Laureen Kinney

If would add to that, to make it very clear, that Transport Canada does take enforcement action across the board, in terms of civil aviation. A number of administrative monetary penalties are filed, and corrective actions are put in place for specific issues, and those actions are taken on a regular basis.

9:10 a.m.

NDP

Mike Sullivan NDP York South—Weston, ON

Since SMS has taken over, the number of enforcement actions by Transport Canada has dropped. In 2009 it was zero. It was 23 in 2004, but in 2009 it was zero; in 2010 it was three; in 2011 it was two.

Why is enforcement dropping so fast? Is it because you don't have enough staff to do the enforcement?

9:10 a.m.

Assistant Deputy Minister, Safety and Security, Department of Transport

Laureen Kinney

No, not at all. It's because the system has been changing. In particular, statistics of those small numbers are not eligible for an assessment from year to year. But certainly, in the situation where there is a compliance issue that needs to be addressed, we take various actions. They range from letters, from corrective action plans in regard to particular safety issues that may be a mix of compliance issues and other issues.... We do take administrative monetary penalties. We don't hesitate to give companies notice of suspension if their corrective actions are not taken in a timely manner. Their operations would be halted if they were not correcting their issues quickly.

9:10 a.m.

Conservative

The Chair Conservative Larry Miller

Mr. McGuinty, you have seven minutes.

9:10 a.m.

Liberal

David McGuinty Liberal Ottawa South, ON

Good morning, everyone. Thanks for coming.

First of all, I never got an answer to this question I put to the minister in committee of the whole: How many qualified system auditors are on staff presently? In the report, the Auditor General says there are 10, when the department says it needs 20, minimum.

Can we have an answer? How many qualified system auditors do you have now for SMS under rail safety?

9:10 a.m.

Luc Bourdon Director General, Rail Safety, Department of Transport

As we speak, about 95% of all our inspectors have been trained as SMS auditors, so it's about 100 now.

9:10 a.m.

Liberal

David McGuinty Liberal Ottawa South, ON

About 100 are SMS qualified?

9:10 a.m.

Director General, Rail Safety, Department of Transport

Luc Bourdon

At the time of the audit, we had 67% that had been trained for SMS, and I think it was 77% for audit. By the end of this month, everyone will have received the training.

9:10 a.m.

Assistant Deputy Minister, Safety and Security, Department of Transport

Laureen Kinney

If I can just clarify, I think the numbers you're talking about are the people who are part of a separate group that supports the broader audit community in the regions in the rail safety group. There are set individuals who actually are specialized in doing SMS audits, and then the inspectorate group as a whole is trained and qualified to carry out inspections and audits. Those are the people Luc was referring to. We do have a very strong complement and there's no lack of numbers of people able to do [Technical difficulty—Editor].

9:10 a.m.

Liberal

David McGuinty Liberal Ottawa South, ON

Would you be able to provide that in writing to the committee? The last document we received in writing, I sent to the Auditor General's office. The Auditor General's response to me was basically that they are not in a position to provide any level of assurance on the information recently provided by Transport Canada officials. Therefore, could you undertake to provide the details for us? That would be very helpful.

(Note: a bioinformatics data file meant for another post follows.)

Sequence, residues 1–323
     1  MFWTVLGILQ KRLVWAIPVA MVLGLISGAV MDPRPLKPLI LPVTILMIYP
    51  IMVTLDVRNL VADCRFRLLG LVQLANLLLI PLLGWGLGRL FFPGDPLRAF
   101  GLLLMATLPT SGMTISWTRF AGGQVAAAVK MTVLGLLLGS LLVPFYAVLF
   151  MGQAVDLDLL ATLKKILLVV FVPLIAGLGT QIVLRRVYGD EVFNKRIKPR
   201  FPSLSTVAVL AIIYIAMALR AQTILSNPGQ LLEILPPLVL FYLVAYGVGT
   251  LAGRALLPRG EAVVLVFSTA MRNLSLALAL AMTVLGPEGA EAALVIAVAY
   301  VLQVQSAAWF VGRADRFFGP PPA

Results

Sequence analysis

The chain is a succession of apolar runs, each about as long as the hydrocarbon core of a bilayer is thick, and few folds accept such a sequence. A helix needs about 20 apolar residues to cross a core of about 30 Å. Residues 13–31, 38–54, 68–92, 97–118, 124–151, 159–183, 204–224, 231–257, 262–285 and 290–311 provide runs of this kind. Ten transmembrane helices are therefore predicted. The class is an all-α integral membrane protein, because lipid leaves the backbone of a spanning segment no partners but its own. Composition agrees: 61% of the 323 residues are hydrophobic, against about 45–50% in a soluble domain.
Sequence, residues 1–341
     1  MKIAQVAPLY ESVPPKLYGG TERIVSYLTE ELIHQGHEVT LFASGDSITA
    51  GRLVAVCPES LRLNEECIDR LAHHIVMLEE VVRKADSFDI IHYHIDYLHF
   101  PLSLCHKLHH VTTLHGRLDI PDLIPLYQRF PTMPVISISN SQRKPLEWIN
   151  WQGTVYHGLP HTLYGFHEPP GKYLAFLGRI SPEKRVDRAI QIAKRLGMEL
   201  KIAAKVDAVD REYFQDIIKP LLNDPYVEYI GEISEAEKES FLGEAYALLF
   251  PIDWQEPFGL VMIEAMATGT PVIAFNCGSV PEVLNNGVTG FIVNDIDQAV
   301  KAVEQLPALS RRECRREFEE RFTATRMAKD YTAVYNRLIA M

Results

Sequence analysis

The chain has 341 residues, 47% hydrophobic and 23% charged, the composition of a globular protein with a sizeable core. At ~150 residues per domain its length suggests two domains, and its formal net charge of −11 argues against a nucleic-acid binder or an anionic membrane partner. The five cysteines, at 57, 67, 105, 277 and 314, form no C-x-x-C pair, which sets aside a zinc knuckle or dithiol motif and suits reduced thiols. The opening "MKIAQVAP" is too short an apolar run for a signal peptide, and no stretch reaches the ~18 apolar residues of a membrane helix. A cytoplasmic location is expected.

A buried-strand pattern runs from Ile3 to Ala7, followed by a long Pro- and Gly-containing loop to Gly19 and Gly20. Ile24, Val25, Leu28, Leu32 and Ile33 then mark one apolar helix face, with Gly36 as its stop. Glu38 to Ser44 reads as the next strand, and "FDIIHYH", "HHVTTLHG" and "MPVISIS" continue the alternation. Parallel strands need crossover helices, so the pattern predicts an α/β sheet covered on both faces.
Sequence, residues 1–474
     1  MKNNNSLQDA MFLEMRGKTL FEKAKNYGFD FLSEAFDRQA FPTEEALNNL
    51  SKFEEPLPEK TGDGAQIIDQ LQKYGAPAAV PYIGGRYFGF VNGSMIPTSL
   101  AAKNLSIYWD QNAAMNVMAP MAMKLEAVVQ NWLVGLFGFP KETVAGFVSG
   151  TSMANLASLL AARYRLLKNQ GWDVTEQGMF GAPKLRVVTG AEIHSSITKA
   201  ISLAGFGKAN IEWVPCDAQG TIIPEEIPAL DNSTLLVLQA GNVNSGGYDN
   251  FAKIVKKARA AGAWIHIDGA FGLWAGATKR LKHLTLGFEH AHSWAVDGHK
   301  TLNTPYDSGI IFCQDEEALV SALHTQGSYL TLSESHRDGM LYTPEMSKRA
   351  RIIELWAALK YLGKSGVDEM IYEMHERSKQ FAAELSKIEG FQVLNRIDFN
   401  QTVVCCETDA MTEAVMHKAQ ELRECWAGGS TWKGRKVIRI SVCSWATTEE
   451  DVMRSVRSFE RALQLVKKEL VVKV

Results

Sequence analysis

My second question goes to the DOT cars. I also asked the minister, when she announced that the DOT cars would be phased out within three years, what analysis, data, or evidence she relied on. What was prepared by you? Her answer was that they relied on their officials:

With that report, consultations took place with industry through my officials, and that is where the development of this standard came from and that is where the development of this data came from, and we are comfortable with this.

Could you please provide for this committee all the analysis that was prepared to substantiate this announcement by the minister? Do you have it available?

9:10 a.m.

Assistant Deputy Minister, Safety and Security, Department of Transport

Laureen Kinney

First of all, what the analysis included was a whole variety of different pieces of input. Primarily, of course, was the Transportation Safety Board's interim recommendation that this needed to be done. There had been ongoing work in great depth between our officials at Transport Canada and regulatory officials in the Department of Transport—

9:15 a.m.

Liberal

David McGuinty Liberal Ottawa South, ON

There were, Ms. Kinney, but can you prepare a document, please? Can you submit to this committee the analysis, the evidence, and the projections that were prepared by the department for the minister in order for her to announce this new regulation setting new standards?

Do you have that available for us?

9:15 a.m.

Assistant Deputy Minister, Safety and Security, Department of Transport

Laureen Kinney

We don't have it in one particular package in the way you're suggesting. There was also the Transportation of Dangerous Goods General Policy Advisory Council working group recommendations.

All of those were integrated into a set of responses. I can go back and see what reports.... Some of those are on the Internet, the working group recommendations for—

9:15 a.m.

Liberal